Just 3:06 into overtime, Derick Brassard saw his rising wrister fly past Penguins goaltender Marc-Andre Fleury, off the crossbar and in, and he quickly started pointing to the net. He knew he had scored the winner.
But the red light didn't come on, the puck ricocheted out and as play continued, Brassard said, "I kind of stopped skating, but the puck came right to me and I saw Bennie [Benoit Pouliot] in front."
Pouliot, who had scored in the first period, buried Brassard's pass and began celebrating the game-winner in the Rangers' 3-2 victory in Game 1 of the best-of-seven Eastern Conference semifinals Friday night. A quick review awarded the goal to Brassard.
"It was so quick," Pouliot said of the dramatic and unusual finish to the Rangers' third playoff game in four nights. "You heard the post, then it was a scramble. But Brass made a great shot."
A smiling Rangers coach Alain Vigneault said that Brassard, Pouliot and Mats Zuccarello "had probably been our most consistent line since Christmas. They were strong on the forecheck."
It was the first overtime game for the Rangers in this postseason. The Penguins have now lost three, two against the Blue Jackets in the first round. Henrik Lundqvist made 34 saves, 27 in the second and third periods. Fleury stopped 24.
The Penguins had scored twice in the second period to erase a 2-0 lead that the Blueshirts built in the first on disruptive forechecking and goals from Pouliot and Brad Richards.
The Penguins rebounded in the second, killing three Rangers power plays, sending the Blueshirts' futility mark to 25 straight stretching through Game 3 of the Flyers series.
Lee Stempniak, trailing a rush, took a pass from Beau Bennett, took a couple of strides and slid a low backhander past a sliding Mats Zuccarello and Lundqvist at 7:15 to cut the Rangers' lead to 2-1. Then came a disputed goal.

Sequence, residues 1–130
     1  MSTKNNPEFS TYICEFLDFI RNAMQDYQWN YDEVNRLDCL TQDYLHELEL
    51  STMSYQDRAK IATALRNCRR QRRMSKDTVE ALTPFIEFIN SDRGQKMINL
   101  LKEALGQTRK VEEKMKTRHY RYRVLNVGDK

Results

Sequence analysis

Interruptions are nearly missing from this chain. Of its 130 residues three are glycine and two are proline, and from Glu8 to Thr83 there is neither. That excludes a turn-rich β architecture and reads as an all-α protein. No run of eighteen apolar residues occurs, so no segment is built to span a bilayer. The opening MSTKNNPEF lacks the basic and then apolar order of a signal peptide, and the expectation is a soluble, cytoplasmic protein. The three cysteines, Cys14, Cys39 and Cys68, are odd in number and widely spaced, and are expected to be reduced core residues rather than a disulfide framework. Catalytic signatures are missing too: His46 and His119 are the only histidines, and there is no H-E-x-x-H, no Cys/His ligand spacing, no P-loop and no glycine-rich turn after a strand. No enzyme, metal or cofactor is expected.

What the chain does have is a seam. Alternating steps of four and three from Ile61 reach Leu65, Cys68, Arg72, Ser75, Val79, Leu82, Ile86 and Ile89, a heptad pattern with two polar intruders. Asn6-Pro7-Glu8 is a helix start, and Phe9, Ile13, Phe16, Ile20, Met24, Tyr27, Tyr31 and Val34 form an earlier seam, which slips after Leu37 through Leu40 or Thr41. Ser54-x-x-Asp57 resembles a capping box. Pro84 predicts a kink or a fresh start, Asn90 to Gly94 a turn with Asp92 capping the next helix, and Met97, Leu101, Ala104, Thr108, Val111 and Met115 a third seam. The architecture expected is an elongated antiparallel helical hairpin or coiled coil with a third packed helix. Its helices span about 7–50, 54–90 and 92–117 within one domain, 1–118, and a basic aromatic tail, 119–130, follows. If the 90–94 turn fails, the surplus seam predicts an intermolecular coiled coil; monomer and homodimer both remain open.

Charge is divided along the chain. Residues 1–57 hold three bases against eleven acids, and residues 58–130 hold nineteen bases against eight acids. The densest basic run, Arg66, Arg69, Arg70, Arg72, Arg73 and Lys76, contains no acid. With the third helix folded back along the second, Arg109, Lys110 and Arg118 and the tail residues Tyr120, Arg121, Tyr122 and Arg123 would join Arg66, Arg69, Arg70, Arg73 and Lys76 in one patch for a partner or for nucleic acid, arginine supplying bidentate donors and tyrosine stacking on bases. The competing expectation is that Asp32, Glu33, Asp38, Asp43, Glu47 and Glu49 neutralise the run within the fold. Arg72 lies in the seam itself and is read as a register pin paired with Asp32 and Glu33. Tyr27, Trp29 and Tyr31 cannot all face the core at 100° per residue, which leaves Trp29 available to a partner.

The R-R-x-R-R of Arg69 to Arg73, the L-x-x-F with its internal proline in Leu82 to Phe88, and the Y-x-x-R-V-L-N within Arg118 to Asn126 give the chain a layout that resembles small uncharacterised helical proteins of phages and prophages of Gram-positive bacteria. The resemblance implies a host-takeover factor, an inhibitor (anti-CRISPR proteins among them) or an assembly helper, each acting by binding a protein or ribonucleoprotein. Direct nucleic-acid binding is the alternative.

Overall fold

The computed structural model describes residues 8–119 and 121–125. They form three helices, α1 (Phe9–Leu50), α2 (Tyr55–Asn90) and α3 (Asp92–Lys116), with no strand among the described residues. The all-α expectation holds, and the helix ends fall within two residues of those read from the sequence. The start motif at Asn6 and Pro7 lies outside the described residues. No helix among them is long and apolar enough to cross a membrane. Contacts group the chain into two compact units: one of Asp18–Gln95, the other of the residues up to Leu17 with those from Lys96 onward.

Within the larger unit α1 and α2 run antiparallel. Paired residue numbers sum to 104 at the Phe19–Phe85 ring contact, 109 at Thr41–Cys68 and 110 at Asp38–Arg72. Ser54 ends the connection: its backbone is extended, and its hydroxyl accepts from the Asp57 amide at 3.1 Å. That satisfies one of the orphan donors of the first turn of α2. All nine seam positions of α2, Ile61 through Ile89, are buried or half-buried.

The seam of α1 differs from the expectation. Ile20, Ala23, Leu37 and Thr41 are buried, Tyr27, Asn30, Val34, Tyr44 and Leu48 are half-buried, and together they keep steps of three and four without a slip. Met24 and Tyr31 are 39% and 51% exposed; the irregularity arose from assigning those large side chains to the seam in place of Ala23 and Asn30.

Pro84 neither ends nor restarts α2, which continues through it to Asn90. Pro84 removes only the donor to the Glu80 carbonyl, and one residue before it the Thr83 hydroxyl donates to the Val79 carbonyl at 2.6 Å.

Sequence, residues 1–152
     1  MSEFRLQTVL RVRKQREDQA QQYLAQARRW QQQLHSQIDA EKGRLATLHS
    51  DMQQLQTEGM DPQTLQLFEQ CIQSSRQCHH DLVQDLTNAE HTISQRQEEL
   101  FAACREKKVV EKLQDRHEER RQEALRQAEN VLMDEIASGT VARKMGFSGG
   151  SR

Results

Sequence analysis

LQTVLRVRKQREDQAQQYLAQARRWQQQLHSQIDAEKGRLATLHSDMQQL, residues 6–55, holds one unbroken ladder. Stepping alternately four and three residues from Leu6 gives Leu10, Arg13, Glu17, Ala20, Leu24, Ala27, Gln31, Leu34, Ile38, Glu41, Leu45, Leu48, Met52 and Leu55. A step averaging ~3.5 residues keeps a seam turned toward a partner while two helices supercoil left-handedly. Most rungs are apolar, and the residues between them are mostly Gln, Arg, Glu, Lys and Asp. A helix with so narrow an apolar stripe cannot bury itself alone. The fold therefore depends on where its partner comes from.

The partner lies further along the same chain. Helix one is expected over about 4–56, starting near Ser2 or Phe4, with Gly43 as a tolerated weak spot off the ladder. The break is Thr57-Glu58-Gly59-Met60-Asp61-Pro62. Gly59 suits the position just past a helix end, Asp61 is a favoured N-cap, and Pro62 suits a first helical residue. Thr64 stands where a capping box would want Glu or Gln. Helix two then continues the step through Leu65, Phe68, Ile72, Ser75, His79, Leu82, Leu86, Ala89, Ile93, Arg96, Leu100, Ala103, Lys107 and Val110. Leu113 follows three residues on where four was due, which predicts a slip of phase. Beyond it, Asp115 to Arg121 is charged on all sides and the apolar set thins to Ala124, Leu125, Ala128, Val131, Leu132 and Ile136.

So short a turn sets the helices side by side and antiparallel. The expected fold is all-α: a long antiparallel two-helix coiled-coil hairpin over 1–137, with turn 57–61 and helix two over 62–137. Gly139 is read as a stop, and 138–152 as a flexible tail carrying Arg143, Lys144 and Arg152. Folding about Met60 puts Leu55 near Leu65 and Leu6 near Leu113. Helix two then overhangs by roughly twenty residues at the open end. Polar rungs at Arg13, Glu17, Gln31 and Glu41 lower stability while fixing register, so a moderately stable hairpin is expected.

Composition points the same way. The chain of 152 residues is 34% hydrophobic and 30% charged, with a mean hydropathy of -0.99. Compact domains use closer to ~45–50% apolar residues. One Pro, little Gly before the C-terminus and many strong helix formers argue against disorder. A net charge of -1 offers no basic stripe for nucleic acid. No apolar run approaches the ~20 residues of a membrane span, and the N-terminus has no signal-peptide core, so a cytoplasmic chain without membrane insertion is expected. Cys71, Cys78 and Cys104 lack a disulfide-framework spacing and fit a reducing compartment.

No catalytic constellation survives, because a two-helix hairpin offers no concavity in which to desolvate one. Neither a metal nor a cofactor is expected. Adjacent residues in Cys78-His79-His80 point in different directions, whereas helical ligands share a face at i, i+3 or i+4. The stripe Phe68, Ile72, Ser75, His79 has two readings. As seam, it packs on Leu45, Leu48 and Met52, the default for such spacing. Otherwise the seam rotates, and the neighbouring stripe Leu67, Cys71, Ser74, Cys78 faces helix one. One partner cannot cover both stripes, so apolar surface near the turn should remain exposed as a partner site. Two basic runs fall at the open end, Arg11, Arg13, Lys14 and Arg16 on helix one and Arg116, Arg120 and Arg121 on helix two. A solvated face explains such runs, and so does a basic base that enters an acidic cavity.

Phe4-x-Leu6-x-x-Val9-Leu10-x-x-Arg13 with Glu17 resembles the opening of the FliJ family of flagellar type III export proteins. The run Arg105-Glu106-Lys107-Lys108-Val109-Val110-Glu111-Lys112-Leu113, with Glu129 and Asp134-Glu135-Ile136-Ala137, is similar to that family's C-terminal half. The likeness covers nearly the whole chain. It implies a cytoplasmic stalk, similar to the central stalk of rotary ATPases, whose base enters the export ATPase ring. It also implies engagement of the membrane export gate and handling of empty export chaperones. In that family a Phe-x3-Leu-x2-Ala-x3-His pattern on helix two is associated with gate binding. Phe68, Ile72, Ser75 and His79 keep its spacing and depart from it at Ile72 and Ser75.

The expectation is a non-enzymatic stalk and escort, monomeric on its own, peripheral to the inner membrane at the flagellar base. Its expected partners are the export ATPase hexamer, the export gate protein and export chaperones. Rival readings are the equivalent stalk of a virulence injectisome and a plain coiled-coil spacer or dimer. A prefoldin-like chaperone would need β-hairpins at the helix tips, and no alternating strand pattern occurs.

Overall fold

With 6:32 left in the second, Lundqvist blocked James Neal's shot, which popped high above him. Evgeni Malkin's stick hit Lundqvist's arm while he was reaching, and the puck dropped behind him and rolled in. After a review, the officials ruled that Malkin never touched the puck, and when he saw the replay, Lundqvist agreed that it was a good goal.
"We can control what we can control," said Dan Girardi, who had two assists. "You saw that in the first and third. The second we kind of sat back and watched."
The Rangers didn't exhibit any signs of fatigue in the first, but the power play continued to struggle mightily, overpassing and unable to set up smoothly and going 0-for-4 through 40 minutes. Somehow they overcame that, and also managed to prevent Sidney Crosby from scoring.
Pouliot's third goal of the playoffs came at 5:04 to give the Rangers a 1-0 lead. He picked up Girardi's pass near the Rangers blue line, skated up ice on a three-on-two, crossed to the deep slot and fired under Fleury's right arm.
Carl Hagelin won a battle at the end boards and Matt Niskanen lost track of Richards in front. Richards corralled Hagelin's pass on his backhand, had time to move to his forehand and beat Fleury for a 2-0 lead at 17:03.
Lundqvist held the fort in the third, and Brassard's line, which had scored eight goals in four games against the Penguins this season, came up huge again.
"I didn't know that stat," Brassard said. "We just want to bring some offense to the team."